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FEBRUARY 1, 2015
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Posted: January 31, 2000

Super Bowl XXXIV MVP: Kurt Warner

SuperBowl.com wire reports

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Kurt Warner

ATLANTA (Jan. 31, 2000) – Kurt Warner was greeted by the rare winter chill last week. He experienced those same conditions when he participated in NFL Europe League training camp two years ago in Atlanta.

"It was ironic when we came out last week and it was cold and the icy rain," Warner said.

So on Sunday, Warner took it upon himself to heat up the town.

Warner, making his prime-time NFL debut, passed for a record 414 yards and won MVP honors as the Rams defeated the Tennessee Titans 23-16 in Super Bowl XXXIV. Warner erased Joe Montana's old Super Bowl record of 357 yards in Super Bowl XXIII.

"I'll remember last night for the rest of my life," Commissioner Paul Tagliabue said as he introduced Warner during Monday's Super Bowl MVP news conference.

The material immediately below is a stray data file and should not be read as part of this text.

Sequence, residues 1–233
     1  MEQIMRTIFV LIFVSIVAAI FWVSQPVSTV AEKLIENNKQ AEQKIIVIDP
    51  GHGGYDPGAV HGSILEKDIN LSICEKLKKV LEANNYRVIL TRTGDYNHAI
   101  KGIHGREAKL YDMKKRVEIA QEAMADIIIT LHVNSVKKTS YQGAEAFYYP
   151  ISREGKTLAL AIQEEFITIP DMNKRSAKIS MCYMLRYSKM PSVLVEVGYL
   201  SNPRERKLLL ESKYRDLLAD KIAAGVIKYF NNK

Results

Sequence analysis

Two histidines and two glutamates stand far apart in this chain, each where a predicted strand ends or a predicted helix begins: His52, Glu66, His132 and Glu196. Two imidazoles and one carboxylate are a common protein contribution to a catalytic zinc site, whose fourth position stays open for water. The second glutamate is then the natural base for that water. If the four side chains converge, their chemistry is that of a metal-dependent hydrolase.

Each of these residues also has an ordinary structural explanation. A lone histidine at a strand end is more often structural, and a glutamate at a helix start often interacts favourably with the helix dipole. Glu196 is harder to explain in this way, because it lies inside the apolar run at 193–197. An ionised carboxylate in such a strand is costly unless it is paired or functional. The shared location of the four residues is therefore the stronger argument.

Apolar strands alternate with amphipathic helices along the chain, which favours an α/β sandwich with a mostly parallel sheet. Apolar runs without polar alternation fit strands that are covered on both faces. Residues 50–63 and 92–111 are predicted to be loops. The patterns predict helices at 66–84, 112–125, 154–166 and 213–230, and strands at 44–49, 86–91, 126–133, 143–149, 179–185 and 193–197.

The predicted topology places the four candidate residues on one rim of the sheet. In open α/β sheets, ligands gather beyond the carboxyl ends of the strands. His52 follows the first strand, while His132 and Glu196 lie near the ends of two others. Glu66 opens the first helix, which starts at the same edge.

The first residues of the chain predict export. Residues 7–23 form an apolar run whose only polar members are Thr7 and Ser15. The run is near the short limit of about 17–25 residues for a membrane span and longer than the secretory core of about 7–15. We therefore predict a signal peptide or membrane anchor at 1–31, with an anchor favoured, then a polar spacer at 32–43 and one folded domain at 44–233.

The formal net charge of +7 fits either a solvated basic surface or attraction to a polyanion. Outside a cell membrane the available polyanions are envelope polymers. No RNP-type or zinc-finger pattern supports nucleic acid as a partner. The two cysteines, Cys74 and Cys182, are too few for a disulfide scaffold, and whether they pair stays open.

Warner put St. Louis ahead with 1:54 left to play when he hooked up with Isaac Bruce for a 73-yard touchdown. He didn't see the play as it unfolded because Titans defensive end Jevon Kearse was bearing down on him. However, Warner did watch the replay from his hotel room several times.

"The great catch he made, then the run after the catch (was great)," Warner said.

Warner did most of his damage in the first half when he passed for 277 yards and drove St. Louis into the red zone on five straight trips. His performance was indicative of the type of passing clinic he put on throughout the year.

Warner beat out teammate Marshall Faulk for league MVP honors after passing for 4,353 yards, 41 touchdowns and leading the Rams to a 13-3 mark in the regular season. He only got a chance to start this year because Trent Green, signed last offseason by the Rams, suffered a season-ending injury in the preseason.

"I was going to continue to play football as long as I could," the signal-caller from Northern Iowa said. "… I was getting to the point thinking how much longer am I going to have before people say he is too old to give him an opportunity."

Previously, Warner got his opportunities in the Arena Football League and NFL Europe but had no serious shot in the NFL after being cut by the Green Bay Packers in 1994.

"From a quarterback standpoint, it's easier to fall through the cracks than any other position," Rams coach Dick Vermeil said, "because normally within a pro football franchise you already have a starting quarterback or you're about to draft a first-round pick … This type of athlete entering the National Football League doesn't get what you call an equal opportunity."

Warner made the best of his.